Andrea working in Bogota, Colombia.

What is your advice for someone who may want to begin a vlog but has no idea where to begin?

Firstly, get rid of all your excuses…

Think talking to cameras is intimidating? It’s not as hard as you think once you get used to it!

You don’t have the funds to invest in equipment? You can start small and upgrade later!

Don’t let anything stop you and get started creating. The sooner you start, the sooner you’ll see results and get opportunities to grow your personal brand or get to the eyes of a bigger audience.

If you have zero background in video, then I’d recommend picking up my book which is a guide for anyone starting from scratch in the vlogging world.

What countries have you visited?

In the past 3 years, I’ve lived in many cities around Latin America. I have also lived for many years in the USA including 2 years in Hawaii. I’ve been to Europe a few times.

I don’t really keep track of the places I visit, and don’t believe in country-counting as a measure of travel expertise. In a short period of time, you can’t really get to know a country or its culture, so it would be unfair for me to list it as a place I actually know.

That’s also why I’m a big fan of slow travel, and getting to stay in a country for at least one month instead of trying to tackle a bunch of countries quickly.

Tell us about one of your favorite travel moments?

What might be a fabulous travel experience for me might not be one for another person – traveling is so subjective.

However, last week I went back to Panama City, and went to a place that’s considered ‘not safe.’ I grew up hearing that you should never go there, but I went this time around. A local tour guide escorted us through this area, and I had one of the most special days of my life.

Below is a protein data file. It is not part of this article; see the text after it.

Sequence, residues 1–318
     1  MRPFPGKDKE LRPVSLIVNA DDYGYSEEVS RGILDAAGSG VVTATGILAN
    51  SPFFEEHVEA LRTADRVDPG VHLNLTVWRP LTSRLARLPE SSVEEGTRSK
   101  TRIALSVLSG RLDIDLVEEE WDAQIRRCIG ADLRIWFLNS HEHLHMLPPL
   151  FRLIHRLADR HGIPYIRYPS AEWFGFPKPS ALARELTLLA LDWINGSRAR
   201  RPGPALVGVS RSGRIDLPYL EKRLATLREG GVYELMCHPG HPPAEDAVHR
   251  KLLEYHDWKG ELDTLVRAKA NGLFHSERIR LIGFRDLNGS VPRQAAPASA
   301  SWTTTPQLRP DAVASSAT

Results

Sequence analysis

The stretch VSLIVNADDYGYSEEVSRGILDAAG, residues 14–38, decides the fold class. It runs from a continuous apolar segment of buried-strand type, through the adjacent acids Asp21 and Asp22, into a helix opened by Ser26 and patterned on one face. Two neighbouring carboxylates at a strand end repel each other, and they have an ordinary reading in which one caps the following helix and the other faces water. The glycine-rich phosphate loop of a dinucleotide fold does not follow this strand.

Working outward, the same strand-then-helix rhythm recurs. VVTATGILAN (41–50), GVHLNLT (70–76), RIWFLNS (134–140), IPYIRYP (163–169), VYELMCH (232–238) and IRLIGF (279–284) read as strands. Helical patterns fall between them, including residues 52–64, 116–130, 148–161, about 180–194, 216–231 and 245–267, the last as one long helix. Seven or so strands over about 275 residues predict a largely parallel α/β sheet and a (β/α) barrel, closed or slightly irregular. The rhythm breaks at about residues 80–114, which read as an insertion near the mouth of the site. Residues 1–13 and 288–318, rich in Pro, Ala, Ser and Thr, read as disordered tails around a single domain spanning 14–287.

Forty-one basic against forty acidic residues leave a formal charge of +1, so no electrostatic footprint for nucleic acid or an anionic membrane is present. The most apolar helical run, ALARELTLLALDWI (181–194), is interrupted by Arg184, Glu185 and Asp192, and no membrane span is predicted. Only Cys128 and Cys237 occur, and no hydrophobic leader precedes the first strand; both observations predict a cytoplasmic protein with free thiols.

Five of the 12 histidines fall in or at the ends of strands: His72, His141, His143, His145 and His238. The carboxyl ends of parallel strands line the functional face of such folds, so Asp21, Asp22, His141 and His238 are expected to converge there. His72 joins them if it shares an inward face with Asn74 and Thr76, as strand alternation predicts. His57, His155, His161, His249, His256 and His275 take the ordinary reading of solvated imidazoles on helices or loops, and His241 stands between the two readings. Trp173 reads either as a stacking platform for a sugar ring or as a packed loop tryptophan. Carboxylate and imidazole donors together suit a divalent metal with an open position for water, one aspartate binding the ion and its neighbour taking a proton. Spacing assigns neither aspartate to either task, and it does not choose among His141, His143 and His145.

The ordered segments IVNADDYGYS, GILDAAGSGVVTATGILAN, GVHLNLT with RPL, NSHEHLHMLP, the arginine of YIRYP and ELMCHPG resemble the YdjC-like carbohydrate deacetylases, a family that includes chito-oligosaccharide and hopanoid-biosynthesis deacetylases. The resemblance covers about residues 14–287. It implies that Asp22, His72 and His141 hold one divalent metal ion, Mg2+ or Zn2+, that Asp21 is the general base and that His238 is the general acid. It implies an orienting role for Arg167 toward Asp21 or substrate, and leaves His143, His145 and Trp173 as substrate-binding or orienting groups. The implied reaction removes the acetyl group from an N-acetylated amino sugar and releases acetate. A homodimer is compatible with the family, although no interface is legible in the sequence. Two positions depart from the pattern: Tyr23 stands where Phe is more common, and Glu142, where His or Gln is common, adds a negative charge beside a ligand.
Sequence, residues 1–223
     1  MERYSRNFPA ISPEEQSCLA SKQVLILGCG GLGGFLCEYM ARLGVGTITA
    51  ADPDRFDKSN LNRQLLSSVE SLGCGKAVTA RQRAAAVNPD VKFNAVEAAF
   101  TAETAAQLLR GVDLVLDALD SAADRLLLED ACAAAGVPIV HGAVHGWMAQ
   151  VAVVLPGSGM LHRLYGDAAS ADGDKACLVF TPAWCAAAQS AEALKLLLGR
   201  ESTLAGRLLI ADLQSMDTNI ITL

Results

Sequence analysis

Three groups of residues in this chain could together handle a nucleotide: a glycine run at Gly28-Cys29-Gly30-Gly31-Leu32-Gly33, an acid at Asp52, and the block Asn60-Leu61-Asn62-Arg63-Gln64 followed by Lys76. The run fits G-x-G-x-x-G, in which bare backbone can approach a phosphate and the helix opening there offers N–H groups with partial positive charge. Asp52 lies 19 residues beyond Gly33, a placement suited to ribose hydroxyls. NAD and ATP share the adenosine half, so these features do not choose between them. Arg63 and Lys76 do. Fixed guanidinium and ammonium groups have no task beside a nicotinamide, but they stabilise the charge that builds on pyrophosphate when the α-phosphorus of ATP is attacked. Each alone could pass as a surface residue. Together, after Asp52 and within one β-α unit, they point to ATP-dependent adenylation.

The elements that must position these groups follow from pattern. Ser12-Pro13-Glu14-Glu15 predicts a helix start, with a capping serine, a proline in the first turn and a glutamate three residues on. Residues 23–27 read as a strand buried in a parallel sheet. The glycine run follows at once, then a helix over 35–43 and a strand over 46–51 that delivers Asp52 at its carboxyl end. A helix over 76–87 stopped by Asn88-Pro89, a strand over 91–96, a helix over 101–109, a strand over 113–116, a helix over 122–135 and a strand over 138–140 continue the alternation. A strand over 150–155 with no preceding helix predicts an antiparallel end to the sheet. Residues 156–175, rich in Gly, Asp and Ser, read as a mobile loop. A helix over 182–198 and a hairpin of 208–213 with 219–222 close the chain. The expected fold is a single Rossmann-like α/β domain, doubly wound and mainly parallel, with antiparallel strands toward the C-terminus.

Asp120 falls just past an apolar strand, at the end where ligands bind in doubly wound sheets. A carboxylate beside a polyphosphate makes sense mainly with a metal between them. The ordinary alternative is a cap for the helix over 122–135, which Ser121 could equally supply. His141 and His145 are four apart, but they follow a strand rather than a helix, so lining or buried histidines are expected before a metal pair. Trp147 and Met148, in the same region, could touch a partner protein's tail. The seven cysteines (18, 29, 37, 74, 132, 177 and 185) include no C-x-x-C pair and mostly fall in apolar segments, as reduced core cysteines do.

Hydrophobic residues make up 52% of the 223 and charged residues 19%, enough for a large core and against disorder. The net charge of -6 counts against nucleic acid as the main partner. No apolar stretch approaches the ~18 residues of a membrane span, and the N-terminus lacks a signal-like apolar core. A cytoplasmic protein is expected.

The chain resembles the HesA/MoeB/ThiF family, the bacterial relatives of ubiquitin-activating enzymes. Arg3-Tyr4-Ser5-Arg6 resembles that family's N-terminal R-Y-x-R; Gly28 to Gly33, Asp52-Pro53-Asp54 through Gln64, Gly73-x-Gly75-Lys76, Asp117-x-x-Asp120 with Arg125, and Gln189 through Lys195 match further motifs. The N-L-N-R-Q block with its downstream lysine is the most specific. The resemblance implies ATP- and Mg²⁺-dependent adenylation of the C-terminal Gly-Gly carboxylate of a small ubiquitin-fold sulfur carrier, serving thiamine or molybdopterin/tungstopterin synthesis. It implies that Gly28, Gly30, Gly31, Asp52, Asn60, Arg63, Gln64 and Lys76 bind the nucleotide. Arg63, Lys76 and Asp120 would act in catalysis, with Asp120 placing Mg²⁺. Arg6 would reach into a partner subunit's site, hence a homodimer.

Everyone was welcoming when you’re used to hearing everyone there is a bad person. The kids were happy and dancing in the middle of a park- something you don’t see often these days. Families welcomed me to their homes. A passerby told me his story…

It’s just proof that you should never go somewhere predisposed. Take precautions, but don’t miss out on a great experience because of what people might say.


Isla Holbox, Mexico

Tell us about your book! What was the experience of writing a book like? 

I wanted to share what I’m doing, how I turned my hobby of vlogging into my career. I like being as transparent as possible, and I knew I could help at least one person if I broke down how I’ve done it.

That’s why I wrote “So You Want to Vlog?” It’s a guide for people to get started vlogging. I make sure to say it like it is, be helpful, offer valuable tips and ideas, and share what I’ve learned in my 5 years as a vlogger.

In the process, I have acquired so much respect for authors. Writing a book takes time, discipline and organization. It was one of the most challenging projects I’ve taken on, but it’s also very rewarding.

Now, I’m receiving the positive comments of people who are reading it and enjoying it – which is a killer feeling to have!

VlogWhere can folks buy your book?

‘So You Want to Vlog?’ is available on Amazon on e-book version and paperback.

You can purchase it for the price of less than 3 frappe coffees here:

Where can folks keep up with you through social media? Where are your vlogs posted?

I’m on Instagram as @itsatravelod:

There you’ll see photos of my travels, and read behind the scenes of my vlogs and my lifestyle – on both my captions and my IG stories.